The line was laid fairly square to the wind. It was long, but pinging the ends allowed me to judge its position quite well, so I just sailed towards the pin end on starboard about 30m from the line, and was able to tack onto a port 20 seconds before the gun, clear of everyone else and hit the line spot on. This clear start enabled us to get clear of the mayhem and we were pointing directly towards the south end of the island at the far side of the lake. Behind us was a couple of Dragon Fly’s and Farriers. Lady Bird was a few hundred meters to the lee of us and at that stage the Nacras, Hobie Tigers and M23 were behind us. Although the port tack in the direction of the first buoy looked to be the best, quite a few boats went off towards Manten Marina, along the west shore, which had paid off the year before. It didn’t this year! We led the fleet for most of the way towards the island, pacing the F32 pretty well, but slowly the super-fast Nacra 20 and M23 caught us up. The wind was only a few knots most of the time and towards the island you had to tack on each header. If you didn’t the losses were high.

We were 3rd around the first buoy.

I tried a short tacking duel against the M23 around the back of the island. But this lightweight all carbon race horse was just too nimble for us and soon a Nacra 20 crept past us on a huge lift. We rounded the next buoy at the north end of the island in 4th place. So far we had been beating the whole way and as we came out from around the island it turned into a beat again. Actually, this was good because it did not allow Lady Bird to use their HUGE mast head asymmetrical spinnaker. We followed the locally based M23 up towards the north shore, whilst Lady Bird kept getting headed up the middle of the lake. By now it was mid-day and the wind had settled in from the west and thermals were forming under small clouds over the lake. Getting the tacking sequence on the shifts right was now imperative. My poor crew was racing back and forth from one lee bow to the next, as I tacked at short notice.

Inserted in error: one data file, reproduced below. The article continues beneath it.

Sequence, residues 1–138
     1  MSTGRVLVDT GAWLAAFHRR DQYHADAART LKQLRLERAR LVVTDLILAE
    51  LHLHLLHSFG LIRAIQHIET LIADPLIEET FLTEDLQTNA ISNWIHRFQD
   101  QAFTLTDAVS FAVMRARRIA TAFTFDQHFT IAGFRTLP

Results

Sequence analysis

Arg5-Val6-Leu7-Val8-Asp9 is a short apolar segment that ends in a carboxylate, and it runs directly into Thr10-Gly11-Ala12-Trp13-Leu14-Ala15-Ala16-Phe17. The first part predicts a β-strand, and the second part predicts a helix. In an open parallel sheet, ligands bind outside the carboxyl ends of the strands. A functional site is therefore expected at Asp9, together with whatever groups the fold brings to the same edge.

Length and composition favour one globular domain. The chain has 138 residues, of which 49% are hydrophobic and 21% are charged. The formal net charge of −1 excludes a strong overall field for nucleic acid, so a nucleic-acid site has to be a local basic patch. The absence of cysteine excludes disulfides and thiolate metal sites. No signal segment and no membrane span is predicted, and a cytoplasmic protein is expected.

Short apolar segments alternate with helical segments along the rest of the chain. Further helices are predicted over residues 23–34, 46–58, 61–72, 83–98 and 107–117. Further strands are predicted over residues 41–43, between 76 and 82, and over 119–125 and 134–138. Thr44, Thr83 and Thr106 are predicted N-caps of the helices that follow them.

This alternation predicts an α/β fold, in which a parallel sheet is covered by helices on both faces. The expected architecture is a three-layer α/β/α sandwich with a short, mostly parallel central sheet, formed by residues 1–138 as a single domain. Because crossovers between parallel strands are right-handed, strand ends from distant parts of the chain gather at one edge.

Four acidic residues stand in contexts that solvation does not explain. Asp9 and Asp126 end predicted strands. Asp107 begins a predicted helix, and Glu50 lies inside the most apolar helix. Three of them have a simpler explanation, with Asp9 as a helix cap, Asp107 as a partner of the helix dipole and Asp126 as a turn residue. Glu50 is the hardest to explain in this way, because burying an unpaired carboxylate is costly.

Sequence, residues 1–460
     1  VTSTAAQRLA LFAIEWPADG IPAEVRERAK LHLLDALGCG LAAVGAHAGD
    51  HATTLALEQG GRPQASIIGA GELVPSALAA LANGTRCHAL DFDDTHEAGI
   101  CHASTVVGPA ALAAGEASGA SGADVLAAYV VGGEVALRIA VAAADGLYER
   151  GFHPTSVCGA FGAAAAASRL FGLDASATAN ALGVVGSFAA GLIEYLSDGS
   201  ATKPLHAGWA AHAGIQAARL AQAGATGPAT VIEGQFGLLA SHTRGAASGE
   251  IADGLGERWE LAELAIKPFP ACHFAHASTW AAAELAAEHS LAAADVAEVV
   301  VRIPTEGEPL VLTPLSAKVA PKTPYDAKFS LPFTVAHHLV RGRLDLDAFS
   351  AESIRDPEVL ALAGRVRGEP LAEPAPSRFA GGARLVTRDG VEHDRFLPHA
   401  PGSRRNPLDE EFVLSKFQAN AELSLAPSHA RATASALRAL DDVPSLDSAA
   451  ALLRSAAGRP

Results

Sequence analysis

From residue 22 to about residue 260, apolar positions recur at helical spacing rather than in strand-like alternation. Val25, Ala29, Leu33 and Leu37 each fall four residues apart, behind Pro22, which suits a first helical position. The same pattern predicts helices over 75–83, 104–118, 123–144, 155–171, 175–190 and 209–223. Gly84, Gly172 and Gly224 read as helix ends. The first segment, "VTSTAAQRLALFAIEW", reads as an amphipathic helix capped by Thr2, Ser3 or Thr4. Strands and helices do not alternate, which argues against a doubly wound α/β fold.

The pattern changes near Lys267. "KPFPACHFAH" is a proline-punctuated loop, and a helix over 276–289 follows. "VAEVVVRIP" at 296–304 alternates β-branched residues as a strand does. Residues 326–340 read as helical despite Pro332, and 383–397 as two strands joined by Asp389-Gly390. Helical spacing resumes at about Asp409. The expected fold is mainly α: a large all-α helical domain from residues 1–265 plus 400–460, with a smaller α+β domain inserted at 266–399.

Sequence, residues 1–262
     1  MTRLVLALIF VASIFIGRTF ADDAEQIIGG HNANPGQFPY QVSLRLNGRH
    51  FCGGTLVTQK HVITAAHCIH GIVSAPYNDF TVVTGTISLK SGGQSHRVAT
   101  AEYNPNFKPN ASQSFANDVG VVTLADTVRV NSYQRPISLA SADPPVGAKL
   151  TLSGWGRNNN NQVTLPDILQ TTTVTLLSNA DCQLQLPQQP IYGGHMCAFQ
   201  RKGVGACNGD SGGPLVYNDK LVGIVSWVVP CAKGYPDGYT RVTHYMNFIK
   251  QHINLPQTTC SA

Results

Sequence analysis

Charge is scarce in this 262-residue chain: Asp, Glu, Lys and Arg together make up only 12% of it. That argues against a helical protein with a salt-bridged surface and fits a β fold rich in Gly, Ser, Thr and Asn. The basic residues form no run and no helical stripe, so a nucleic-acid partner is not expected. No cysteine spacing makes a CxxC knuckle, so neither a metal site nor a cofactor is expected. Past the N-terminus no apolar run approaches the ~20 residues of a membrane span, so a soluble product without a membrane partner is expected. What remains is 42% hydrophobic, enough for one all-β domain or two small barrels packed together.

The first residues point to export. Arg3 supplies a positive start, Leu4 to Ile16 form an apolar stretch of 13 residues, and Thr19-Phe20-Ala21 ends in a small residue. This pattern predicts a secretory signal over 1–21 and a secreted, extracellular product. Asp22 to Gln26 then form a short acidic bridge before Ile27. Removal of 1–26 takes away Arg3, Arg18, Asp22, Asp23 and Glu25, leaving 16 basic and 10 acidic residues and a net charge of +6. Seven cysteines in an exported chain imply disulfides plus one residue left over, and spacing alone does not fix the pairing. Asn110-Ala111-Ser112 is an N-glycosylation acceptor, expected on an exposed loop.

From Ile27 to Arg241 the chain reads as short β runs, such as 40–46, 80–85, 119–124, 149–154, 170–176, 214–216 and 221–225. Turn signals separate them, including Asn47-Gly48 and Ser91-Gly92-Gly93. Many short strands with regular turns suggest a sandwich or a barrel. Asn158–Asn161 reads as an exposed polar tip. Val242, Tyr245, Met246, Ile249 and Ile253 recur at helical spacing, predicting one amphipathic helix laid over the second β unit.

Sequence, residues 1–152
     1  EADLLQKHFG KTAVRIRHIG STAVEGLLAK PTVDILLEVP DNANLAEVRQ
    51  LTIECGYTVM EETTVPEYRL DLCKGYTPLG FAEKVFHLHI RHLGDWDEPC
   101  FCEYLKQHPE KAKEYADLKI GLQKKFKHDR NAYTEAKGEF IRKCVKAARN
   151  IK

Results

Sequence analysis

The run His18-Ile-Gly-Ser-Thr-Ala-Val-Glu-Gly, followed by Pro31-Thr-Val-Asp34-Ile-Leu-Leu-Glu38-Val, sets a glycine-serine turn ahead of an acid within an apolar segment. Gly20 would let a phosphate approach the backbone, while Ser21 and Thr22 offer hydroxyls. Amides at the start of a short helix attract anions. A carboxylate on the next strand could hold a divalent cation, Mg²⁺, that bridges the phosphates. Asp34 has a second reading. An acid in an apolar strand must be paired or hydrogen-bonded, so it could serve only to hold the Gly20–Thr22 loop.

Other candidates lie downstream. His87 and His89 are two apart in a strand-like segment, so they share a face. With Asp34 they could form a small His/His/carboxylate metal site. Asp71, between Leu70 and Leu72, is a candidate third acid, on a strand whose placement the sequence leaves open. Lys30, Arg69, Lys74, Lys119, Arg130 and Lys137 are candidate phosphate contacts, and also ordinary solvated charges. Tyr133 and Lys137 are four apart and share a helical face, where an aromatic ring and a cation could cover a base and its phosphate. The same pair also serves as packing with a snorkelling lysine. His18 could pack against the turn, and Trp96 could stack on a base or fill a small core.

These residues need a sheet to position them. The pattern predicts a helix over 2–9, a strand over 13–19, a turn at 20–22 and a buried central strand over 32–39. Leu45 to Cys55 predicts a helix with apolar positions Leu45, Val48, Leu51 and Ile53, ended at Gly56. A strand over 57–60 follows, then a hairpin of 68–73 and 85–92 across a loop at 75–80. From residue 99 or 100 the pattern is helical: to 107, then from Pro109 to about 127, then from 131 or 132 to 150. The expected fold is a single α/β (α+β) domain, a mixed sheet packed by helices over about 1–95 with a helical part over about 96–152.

We were halfway back from the island when the next boats appeared from around the island, so we felt quite safe. The keelboats and dinghies, which started 20 min after us, were still on a dead run sailing down to the first buoy.

Eventually we crossed the line in 4th place. A carbon Nacra20 was first, followed by the M23 and then Lady Bird. Our time was almost spot on 4 hours. A Hobbie Tiger appeared suddenly out of nowhere and finished 9 minutes after us and I subsequently discovered that they had started 10 minutes later, so in fact we were delegated to 5th fastest time.

In anticipation of huge groups finishing at once, each boat is given an electronic tag, with the signal being picked up by the committee boat at the finish line, so scoring is spot on. There were a huge number of prizes for different classes. Wild Thing was awarded 2nd place on handicap in the Ultra Class.

This was my third attempt at RTIR. This year I had a lot of luck. Last year I was about 20th and the first attempt, 45 years ago, I was wiped out in a huge storm on my Contender dinghy. It is a fantastic fun event, with a couple of great parties, good food and live music. Andrew Donnoway’s F32 group from Durban were great fun and taught me how to sail faster, by swapping out different highly experienced multihull crews up to the main race.

FSYC has a number of trailer able boats. I strongly recommend that a group of us enter from Gariep next year. LDYC is super venue.